During the last of our spring 2015 residencies at Aldeburgh, Tamsin and I recorded two of my six-part sketches. It was the first time she'd played any of the material for the six part sketches. We did this very simply using click tracks, a zoom recorder and logic. Some of the difficulties we experienced taught us more about how we will need to record Permutations when it is time to record the piece in full. This was a way of sharing what I had been writing with people at Aldeburgh as well as with Finbarr, Andrew and Tamsin. 

The two sketches we recorded, currently known as the Tuesday sketch and the Thursday sketch, each make use the space in a different way. 

One of the questions I had to begin to grapple with when writing the six-part sketches was whether the music could or should exert any control over the audience’s movements within the chamber. I suppose it is impossible to tell at this point whether listeners will be directed by the music in the way that I expect. The decision I made during the spring time residencies at Aldeburgh was that each of the sketches would play with the space in a different way, creating different relationships between the listener and the music around them. The Tuesday sketch directs the audience to the central chamber more than any of the others, although experiencing the it from one of the chambers would fragment and emphasise certain parts of the line.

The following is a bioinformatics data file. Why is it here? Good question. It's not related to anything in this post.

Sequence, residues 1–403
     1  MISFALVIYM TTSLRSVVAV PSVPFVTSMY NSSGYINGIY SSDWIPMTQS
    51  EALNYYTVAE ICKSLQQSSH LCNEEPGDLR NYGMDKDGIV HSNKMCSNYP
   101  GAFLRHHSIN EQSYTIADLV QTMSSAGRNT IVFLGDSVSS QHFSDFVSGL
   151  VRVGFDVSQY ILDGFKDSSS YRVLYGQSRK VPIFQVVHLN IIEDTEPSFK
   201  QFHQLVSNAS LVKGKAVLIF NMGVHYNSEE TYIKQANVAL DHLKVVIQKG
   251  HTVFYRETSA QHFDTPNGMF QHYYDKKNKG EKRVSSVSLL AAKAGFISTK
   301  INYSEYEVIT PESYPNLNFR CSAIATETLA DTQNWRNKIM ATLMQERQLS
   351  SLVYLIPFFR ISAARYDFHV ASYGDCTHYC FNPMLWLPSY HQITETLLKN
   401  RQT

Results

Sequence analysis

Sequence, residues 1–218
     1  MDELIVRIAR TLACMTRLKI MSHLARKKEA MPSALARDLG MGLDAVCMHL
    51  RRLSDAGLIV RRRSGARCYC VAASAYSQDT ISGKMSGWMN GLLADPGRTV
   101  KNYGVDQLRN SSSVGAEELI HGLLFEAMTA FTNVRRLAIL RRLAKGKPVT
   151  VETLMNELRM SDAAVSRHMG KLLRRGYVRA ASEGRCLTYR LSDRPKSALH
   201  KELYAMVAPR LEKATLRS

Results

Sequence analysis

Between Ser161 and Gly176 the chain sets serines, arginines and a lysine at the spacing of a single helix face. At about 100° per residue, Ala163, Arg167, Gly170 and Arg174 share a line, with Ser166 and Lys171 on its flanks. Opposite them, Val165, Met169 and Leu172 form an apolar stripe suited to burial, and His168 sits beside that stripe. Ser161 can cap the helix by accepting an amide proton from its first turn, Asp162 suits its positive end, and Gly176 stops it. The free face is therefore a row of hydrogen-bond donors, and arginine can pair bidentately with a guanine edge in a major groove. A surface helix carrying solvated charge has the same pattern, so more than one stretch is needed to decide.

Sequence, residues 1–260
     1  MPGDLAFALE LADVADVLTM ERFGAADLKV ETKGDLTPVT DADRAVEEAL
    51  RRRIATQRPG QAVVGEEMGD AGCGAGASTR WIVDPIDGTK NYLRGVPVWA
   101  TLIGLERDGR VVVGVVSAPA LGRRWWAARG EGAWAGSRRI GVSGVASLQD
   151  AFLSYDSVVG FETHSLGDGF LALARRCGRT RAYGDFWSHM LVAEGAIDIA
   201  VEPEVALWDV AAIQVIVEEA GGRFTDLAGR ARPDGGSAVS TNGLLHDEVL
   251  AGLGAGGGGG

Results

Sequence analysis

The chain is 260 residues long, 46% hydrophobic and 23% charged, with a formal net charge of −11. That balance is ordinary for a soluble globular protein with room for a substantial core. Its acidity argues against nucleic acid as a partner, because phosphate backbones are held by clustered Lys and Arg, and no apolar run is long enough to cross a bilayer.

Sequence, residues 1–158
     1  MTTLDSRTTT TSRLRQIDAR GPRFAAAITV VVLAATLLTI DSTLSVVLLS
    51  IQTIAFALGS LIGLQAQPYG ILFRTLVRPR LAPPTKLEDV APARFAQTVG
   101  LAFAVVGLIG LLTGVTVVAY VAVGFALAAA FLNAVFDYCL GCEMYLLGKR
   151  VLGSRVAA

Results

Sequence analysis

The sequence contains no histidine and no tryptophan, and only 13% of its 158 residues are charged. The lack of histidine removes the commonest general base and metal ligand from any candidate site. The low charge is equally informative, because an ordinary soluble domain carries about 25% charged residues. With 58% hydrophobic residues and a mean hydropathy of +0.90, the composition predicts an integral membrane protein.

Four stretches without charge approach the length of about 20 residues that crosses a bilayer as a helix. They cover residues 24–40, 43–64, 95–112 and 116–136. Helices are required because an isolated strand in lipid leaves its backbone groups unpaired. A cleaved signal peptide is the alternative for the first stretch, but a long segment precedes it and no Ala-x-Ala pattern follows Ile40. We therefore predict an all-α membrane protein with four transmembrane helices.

The Thursday sketch will be the opening of Permutations. Arriving into the chambers, the opening chords envelop the listener in sound from all sides. This will serve to aurally map out the entire space within Permutations for the audience. The nature of the chords is such that depending on a listener's movements or position, they will be given a different impression of the tonality of the opening of Permutations




Arch, Nikola Lenivets


Amongst the various acoustic settings explored was a scupltural belvedere, entitled ‘Arch’, designed by the Russian architect Bernaskoni. Constructed from stacked timber planks, this perforated viewing platform provided an opportunity to experiment with the acoustics of another informal performance setting. Freya wrote a simple contrapuntal piece inspired by her time at Nikola Lenivets which we then rehearsed with a number of other volunteers from the unit and eventually performed inside the structure for our Russian hosts and peers. We saw the Arch piece as another example of how performance can be used as research towards the development of our project.